Amptweaker Tight Boost Pedal Review
March 31, 2011
|Download Example 1
|Download Example 2
Parked Wah dark lead, 2003 Les Paul R8
|Download Example 3
British cutting rhythm tone, 2003 Les Paul R8
|Clips recorded through a Fender Concert II amp with a little spring reverb mic'd with an SM57 into a Chandler LTD-1 mic pre with no EQ. Apogee Symphony I/O into Pro Tools 9 HD.|
James has also used that know-how to create his own line of pedals under the Amptweaker name. The Tight Boost is the successor to the Tight Drive, and differs in having less aggressive gain section and the ability to get cocked wah tones with a special Mid control. He’s listened a lot to the feedback and suggestions of players via internet forums and emails and more. So it’s no wonder this pedal feels and sounds unique.
Built in a blue, 14-gauge steel, tank-like chassis, the Tight Boost feels rock-solid and substantial. A roll bar positioned above the controls gives the pedal another level of road-worthy protection. A very cool slide-out magnetic battery compartment conveniently hides on the side of the chassis. Another nice feature is the ability to run the pedal from 6 to 18 volts, which gives you a more compressed sound at the lower setting and more headroom at the higher end. There are controls for Boost, High, Mid, and Tight, all lit up with red LEDs (when using an external power supply) that make them easy to read onstage. Between the Mid and Tight controls you’ll find a two-position Wah switch that selects the Wah frequency. At the top of the pedal are Return and Send jacks for the FX loop with a corresponding 2-way switch on the bottom to select between Pre or Post loop placement. Switching is true-bypass and is buffered when the Tight Boost is on. Input and Output are in the standard position on the right and left side of the pedal, respectively.
Tight and In Control
For demoing the Tight Boost I used a very pedal-friendly Hip Kitty Panetone combo. First up was an Epiphone Sheraton plugged into the Tight Boost (with all controls set to noon) and directly into the Panetone, which I set up with a big, warm and semi-clean tone. In this setting you get just a hair more gain than straight through the amp but with the tone shaping elements of the pedal. Right away I noticed that there was a bit more high end that was great for rhythm playing.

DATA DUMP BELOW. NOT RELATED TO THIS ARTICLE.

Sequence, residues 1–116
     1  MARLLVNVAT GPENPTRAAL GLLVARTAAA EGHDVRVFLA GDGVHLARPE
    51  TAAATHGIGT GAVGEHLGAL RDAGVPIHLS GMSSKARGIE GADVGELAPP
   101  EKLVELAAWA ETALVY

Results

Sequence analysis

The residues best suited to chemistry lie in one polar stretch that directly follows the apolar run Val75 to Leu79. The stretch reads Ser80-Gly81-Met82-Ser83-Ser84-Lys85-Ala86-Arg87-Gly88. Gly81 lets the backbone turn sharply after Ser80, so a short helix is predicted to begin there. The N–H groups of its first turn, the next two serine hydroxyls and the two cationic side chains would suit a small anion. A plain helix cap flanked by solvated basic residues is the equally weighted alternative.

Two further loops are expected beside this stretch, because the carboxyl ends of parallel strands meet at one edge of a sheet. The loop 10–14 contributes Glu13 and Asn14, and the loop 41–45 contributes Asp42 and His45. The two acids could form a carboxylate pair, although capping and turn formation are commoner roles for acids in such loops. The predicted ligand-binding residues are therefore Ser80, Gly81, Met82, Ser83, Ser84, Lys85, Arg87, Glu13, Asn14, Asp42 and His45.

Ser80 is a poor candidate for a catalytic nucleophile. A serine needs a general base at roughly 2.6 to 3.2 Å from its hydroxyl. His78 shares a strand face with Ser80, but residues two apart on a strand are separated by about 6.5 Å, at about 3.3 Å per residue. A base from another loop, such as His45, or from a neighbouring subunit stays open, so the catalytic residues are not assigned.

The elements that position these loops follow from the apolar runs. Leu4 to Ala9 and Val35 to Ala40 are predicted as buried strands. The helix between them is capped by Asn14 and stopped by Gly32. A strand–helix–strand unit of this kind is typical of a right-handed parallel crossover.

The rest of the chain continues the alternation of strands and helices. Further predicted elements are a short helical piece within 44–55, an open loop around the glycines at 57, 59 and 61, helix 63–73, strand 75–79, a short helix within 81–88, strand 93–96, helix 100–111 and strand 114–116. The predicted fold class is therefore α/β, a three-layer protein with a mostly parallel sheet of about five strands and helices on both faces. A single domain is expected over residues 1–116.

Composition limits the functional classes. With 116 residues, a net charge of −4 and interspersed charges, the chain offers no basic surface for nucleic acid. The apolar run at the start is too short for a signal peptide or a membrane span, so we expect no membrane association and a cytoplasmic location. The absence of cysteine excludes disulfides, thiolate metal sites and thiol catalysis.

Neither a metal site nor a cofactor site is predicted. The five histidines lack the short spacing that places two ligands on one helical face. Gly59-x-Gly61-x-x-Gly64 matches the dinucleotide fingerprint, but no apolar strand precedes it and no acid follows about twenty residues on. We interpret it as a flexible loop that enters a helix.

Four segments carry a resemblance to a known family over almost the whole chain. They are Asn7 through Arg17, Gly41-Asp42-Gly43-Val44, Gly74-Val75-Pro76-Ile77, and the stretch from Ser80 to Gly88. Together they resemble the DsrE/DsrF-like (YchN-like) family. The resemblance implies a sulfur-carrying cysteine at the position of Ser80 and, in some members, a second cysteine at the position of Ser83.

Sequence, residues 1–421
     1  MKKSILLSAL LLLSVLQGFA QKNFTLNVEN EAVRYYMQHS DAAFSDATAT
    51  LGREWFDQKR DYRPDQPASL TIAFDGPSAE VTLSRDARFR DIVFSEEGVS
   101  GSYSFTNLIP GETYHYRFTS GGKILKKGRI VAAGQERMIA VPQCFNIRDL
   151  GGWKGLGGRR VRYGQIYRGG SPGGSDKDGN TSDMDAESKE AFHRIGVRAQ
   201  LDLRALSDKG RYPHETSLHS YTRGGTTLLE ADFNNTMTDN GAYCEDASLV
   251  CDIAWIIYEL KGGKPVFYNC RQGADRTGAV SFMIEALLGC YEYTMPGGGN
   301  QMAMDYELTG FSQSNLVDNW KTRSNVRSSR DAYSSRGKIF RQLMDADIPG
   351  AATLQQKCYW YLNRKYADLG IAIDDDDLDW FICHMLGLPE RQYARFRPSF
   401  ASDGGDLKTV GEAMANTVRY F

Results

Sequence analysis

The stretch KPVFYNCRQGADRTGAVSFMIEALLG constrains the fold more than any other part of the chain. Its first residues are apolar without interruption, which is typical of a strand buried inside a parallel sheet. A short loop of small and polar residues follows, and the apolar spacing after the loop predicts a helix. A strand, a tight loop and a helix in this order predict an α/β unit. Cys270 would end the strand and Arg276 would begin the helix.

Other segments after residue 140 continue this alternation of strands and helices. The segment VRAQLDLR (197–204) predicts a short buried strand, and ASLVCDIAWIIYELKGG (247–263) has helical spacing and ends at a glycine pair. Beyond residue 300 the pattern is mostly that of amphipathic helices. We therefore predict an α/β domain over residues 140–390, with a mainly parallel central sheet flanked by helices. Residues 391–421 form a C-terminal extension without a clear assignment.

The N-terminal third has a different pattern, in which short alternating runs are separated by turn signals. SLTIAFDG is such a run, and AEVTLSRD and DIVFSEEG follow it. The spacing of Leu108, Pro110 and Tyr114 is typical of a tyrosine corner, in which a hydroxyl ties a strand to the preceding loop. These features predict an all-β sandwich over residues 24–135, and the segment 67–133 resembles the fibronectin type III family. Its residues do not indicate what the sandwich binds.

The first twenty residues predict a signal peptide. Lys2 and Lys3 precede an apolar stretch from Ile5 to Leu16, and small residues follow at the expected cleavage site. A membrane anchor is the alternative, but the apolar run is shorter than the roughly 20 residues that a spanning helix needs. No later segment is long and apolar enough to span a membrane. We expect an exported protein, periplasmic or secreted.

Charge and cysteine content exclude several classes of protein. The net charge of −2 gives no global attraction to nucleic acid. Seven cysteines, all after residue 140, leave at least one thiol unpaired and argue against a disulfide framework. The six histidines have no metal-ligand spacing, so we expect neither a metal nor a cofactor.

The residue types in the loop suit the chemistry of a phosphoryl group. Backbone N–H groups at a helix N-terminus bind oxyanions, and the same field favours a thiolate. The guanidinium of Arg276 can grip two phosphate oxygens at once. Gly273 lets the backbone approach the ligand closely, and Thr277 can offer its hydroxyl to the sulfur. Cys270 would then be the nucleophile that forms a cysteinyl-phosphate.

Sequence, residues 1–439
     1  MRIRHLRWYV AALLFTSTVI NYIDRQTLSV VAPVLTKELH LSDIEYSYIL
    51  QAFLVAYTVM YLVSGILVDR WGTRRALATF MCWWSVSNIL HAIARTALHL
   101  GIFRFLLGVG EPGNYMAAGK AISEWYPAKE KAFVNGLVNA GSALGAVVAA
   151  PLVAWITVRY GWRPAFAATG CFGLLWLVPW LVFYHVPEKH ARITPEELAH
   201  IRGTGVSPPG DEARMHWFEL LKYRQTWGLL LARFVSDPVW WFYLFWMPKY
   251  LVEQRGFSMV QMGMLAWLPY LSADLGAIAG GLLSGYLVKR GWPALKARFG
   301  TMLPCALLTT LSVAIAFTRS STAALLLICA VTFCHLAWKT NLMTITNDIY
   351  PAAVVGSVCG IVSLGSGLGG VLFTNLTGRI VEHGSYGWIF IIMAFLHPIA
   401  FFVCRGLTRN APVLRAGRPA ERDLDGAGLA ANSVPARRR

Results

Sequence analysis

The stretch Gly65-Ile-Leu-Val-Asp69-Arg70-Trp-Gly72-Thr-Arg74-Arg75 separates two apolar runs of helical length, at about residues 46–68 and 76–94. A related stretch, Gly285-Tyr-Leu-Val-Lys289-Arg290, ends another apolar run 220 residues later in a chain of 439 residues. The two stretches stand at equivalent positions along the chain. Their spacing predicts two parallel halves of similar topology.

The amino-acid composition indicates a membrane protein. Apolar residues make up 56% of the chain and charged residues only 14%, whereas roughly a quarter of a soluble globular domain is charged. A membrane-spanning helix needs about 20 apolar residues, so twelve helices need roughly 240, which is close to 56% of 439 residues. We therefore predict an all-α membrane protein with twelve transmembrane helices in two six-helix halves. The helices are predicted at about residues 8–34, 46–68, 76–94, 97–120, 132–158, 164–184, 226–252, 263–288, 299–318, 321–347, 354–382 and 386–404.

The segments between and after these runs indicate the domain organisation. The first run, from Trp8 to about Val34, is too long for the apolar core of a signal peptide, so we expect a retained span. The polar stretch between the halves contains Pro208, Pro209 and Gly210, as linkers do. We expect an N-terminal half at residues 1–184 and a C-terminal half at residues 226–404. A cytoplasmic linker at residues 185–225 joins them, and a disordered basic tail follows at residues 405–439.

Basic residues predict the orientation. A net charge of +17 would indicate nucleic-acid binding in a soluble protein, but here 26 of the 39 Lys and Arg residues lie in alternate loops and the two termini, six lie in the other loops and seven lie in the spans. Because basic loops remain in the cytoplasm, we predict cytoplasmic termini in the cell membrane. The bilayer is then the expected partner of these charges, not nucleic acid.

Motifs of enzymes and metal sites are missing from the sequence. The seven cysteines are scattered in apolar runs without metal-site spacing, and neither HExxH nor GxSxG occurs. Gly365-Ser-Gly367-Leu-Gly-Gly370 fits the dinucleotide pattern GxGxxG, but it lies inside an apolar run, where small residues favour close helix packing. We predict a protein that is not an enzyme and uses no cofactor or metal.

Pushing up the Boost does what you’d expect by adding more front-end gain to the amp much like having an additional preamp tube in your amp. And this is where the Tight control becomes most useful. By turning the Tight knob clockwise you can tighten up the bottom end while thinning out some of that bass wooliness. It’s great for chiming tones, especially when backing off the volume on the guitar. And I liked the setting with the Boost on full and Tight at about 3 o’clock. Pulling the Tight control way back loosened up the bottom end significantly kicking out a wide and raunchy mix of dirty Joe Walsh and Neil Young tones.
The Mid control works interactively with the High control. The more you crank the Mid the more it becomes like the sound of a parked wah, which was very inspiring for solo settings and will clear a lot of room in a crowded band mix. I kicked the amp up into more of an overdrive/lead tone so I could experiment with the Mid more and found that by pulling the High down it made the wah effect even more pronounced.
The Wah switch is a very cool and unique feature. You could easily get those classic Schenker sounds from UFO with the switch set to the left—or open wah—position. In the right—or depressed wah—position it pushes the high mids up for killer, searing lead tones. And I liked that by rolling off the volume on my guitar you could tame things pretty readily—one of the real bonuses of a lower-gain boost.
With a Strat the tones were even more varied than with my Epiphone. Going to the neck pickup seemed to be a natural choice with all the extra high end that was available. Backing off the High and pushing up the Mids in this configuration made the single coil sound more like humbuckers—perfect for a killer, early Billy Gibbons Texas tone that had just the right amount of skwonk. Even though the single-coils didn’t have the gain of the humbuckers it seemed that the balance was near perfect in terms of voicing choices and the ability to thicken up the sound as well as make it sharp, clear and articulated for chicken pickin’ licks.
The loop is a novel addition and one I don’t see very often on pedals but it makes sense. I ended up throwing a Hartman Electronics Germanium Boost in the loop while set to Pre mode with devastating results. Knowing that distortion works best in the Pre mode, I took the liberty of trying out various fuzzes and octavers (Mutron Octave Divider and Hartman Octavia clone). With a flick of the switch I was able to get distortion ranging from huge to unruly depending on how much was going out of each pedal.
There is much to love about the Tight Boost—bulletproof construction, tonal flexibility, well thought out design touches and killer tone. Mr. Brown has made some truly inspired improvements to the boost pedal template—no mean feat. And I wouldn’t be surprised to see other makers copying these moves.
The convenience of parts like the magnetic battery compartment and battery switch reflect an awareness of what it’s like to use a pedal like this as a performing musician. And the loop with selectable pre and post points and ability to power the pedal from 6 to 18 volts really extend the usefulness of this box. Of course it all comes down to the sound. And in that respect, the Tight Boost definitely delivers in a big way.
you need a lower gain boost pedal with parked-wah tones and more tone tweaking power.
you need scads of gain from your boost.
Street $180 - Amtweaker - amptweaker.com